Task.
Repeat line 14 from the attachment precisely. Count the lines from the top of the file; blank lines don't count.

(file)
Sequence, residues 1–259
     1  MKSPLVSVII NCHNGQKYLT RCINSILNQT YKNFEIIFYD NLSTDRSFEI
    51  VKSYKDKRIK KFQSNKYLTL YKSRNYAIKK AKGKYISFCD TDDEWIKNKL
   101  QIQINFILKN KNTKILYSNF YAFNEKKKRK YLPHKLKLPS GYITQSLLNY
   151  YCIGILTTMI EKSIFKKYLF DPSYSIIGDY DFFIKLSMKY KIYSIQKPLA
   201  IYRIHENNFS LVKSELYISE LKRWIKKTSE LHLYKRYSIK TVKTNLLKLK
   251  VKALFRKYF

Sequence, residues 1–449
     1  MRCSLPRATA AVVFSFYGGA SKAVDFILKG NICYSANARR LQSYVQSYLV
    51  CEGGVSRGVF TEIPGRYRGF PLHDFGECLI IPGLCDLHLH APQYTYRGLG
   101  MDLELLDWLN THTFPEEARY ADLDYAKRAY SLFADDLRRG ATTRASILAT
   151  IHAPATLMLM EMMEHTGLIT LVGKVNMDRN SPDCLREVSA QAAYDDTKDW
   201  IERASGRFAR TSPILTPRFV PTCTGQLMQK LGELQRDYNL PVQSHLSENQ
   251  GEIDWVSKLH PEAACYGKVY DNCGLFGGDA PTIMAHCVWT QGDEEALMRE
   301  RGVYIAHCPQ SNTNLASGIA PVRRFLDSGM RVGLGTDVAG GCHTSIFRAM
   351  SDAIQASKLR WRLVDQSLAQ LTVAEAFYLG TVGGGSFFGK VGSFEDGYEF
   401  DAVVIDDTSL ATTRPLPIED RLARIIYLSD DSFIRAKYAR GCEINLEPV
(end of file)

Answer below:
   251  GEIDWVSKLH PEAACYGKVY DNCGLFGGDA PTIMAHCVWT QGDEEALMRE